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Williams v. Mercado

United States District Court, M.D. Florida, Jacksonville Division

January 18, 2018

DWIGHT WILLIAMS, Plaintiff,
v.
ROBERT MERCADO AND MONROE BARNES, Defendants.

          ORDER

          MARCIA MORALES HOWARD United States District Judge

         I. Status

         Plaintiff Dwight Williams, an inmate of the Florida penal system, initiated this action on May 31, 2016, [1] by filing a Civil Rights Complaint (Doc. 1). Williams filed an Amended Complaint (Amended Complaint; Doc. 13) on February 28, 2017. He names as defendants Monroe Barnes and Robert Mercado. In the Amended Complaint, Williams asserts that Defendants permanently suspended Samona Taylor[2] from visiting him in prison in violation of the Equal Protection Clause of the Fourteenth Amendment. As relief, Williams seeks compensatory and punitive damages, and “an injunction striking down the indefinite suspension of” Samona Taylor's visitation privileges. Amended Complaint at 7.

         Before the Court is Defendant Mercado's Motion to Dismiss (Mercado Motion; Doc. 23). The Court advised Williams that he had thirty days to respond to a motion to dismiss and that the granting of a motion to dismiss would be an adjudication of the case that could foreclose subsequent litigation on the matter (Court Order; Doc. 14). On May 23, 2017, Williams filed a response in opposition to the Mercado Motion. See Reply to Defendant Mercado's Motion to Dismiss (Mercado Response; Doc. 27).

         Also before the Court is Defendant Barnes' Motion to Dismiss (Barnes Motion; Doc. 26). When Williams did not respond to the Barnes Motion within thirty days, the Court directed Williams (1) to show cause why the claims against Barnes should not be dismissed for failure to comply with the Court Order and (2) to file a response to the Barnes Motion by August 9, 2017. Doc. 28. On August 2, 2017, Williams filed a response in opposition to the Barnes Motion. See Reply to Defendant Mercado's Motion to Dismiss (Barnes Response; Doc. 29).[3]

         Because the Barnes Motion and Mercado Motion (collectively, the Motions) present identical arguments in support of dismissal, the Court will address the Motions together. The Court notes that Barnes and Mercado also submitted identical exhibits in support of the Motions. Docs. 23-1 and 26-1. Barnes and Mercado state that the Court may consider the exhibits without converting their Motions to ones for summary judgment because they are central to Williams' claim and the exhibits are authentic public records. See Barnes Motion at 2; Mercado Motion at 2. Generally, a district court “must convert a motion to dismiss into a motion for summary judgment if it considers materials outside the complaint.” Day v. Taylor, 400 F.3d 1272, 1275-76 (11th Cir. 2005). However, a district court may consider material beyond the four corners of a complaint in ruling on a motion to dismiss if the material “is (1) central to the plaintiff's claim, and (2) its authenticity is not challenged.” SFM Holdings, Ltd. v. Banc of Am. Sec., LLC, 600 F.3d 1334, 1337 (11th Cir. 2010). Upon review of the Motions, the Court determines that consideration of the exhibits submitted by Barnes and Mercado is unnecessary to their resolution. Thus, whether or not the exhibits meet the exception to the general rule, the Court declines to consider them, and will analyze the Motions under Rule 12(b)(6) of the Federal Rules of Civil Procedure.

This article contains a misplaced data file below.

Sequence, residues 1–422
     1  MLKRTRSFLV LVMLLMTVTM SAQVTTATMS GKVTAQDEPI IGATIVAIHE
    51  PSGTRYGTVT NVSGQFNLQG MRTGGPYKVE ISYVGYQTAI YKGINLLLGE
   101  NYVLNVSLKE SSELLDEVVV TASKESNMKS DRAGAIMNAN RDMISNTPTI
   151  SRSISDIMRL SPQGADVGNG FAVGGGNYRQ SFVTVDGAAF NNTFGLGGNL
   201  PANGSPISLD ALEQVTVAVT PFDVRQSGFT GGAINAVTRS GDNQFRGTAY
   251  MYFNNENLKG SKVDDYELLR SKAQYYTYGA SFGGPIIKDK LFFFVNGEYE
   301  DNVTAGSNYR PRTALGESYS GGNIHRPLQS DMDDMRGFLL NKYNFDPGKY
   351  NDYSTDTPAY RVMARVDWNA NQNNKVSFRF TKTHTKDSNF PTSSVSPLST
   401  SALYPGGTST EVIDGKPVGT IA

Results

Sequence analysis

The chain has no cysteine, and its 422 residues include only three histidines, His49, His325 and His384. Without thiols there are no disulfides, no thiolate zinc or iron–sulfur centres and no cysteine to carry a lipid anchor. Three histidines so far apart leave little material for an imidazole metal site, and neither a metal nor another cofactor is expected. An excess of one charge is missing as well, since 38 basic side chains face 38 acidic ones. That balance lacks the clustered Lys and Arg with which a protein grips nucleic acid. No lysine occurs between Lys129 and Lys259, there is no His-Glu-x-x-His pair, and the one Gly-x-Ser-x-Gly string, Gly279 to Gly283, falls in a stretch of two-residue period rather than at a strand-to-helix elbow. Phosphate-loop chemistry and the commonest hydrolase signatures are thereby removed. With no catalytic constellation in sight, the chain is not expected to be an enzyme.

II. Motion to Dismiss Standard

         In ruling on a motion to dismiss, the Court must accept the factual allegations set forth in the complaint as true. Ashcroft v. Iqbal, 556 U.S. 662, 678 (2009); Swierkiewicz v. Sorema N.A., 534 U.S. 506, 508 n.1 (2002); see also Lotierzo v. Woman's World Med. Ctr., Inc., 278 F.3d 1180, 1182 (11th Cir. 2002). In addition, all reasonable inferences should be drawn in favor of the plaintiff. See Omar ex. rel. Cannon v. Lindsey, 334 F.3d 1246, 1247 (11th Cir. 2003) (per curiam). Nonetheless, the plaintiff must still meet some minimal pleading requirements. Jackson v. BellSouth Telecomm., 372 F.3d 1250, 1262-63 (11th Cir. 2004) (citations omitted). Indeed, while “[s]pecific facts are not necessary[, ]” the complaint should “‘give the defendant fair notice of what the . . . claim is and the grounds upon which it rests.'” Erickson v. Pardus, 551 U.S. 89, 93 (2007) (per curiam) (quoting Bell Atlantic Corp. v. Twombly, 550 U.S. 544, 555 (2007)). Further, the plaintiff must allege “enough facts to state a claim that is plausible on its face.” Twombly, 550 U.S. at 570. “A claim has facial plausibility when the pleaded factual content allows the court to draw the reasonable inference that the defendant is liable for the misconduct alleged.” Iqbal, 556 U.S. at 678 (citing Twombly, 550 U.S. at 556); see Miljkovic v.Shafritz and Dinkin, P.A., 791 F.3d 1291, 1297 (11th Cir. 2015) (citation and footnote omitted). A “plaintiff's obligation to provide the grounds of his entitlement to relief requires more than labels and conclusions, and a formulaic recitation of the elements of a cause of action will not do[.]” Twombly, 550 U.S. at 555 (internal quotations omitted); see also Jackson, 372 F.3d at 1262 (explaining that “conclusory allegations, unwarranted deductions of facts or legal conclusions masquerading as facts will not prevent dismissal”) (internal citation and quotations omitted). Indeed, “the tenet that a court must accept as true all of the allegations contained in a complaint is inapplicable to legal conclusions[, ]” which simply “are not entitled to [an] assumption of truth.” Iqbal, 556 U.S. at 678, 680. Thus, in ruling on a motion to dismiss, the Court must determine whether the complaint contains “sufficient factual matter, accepted as true, to 'state a claim to relief that is plausible on its face[.]'” Id. at 678 (quoting Twombly, 550 U.S. at 570). Consistent with this authority, the Eleventh Circuit has instructed: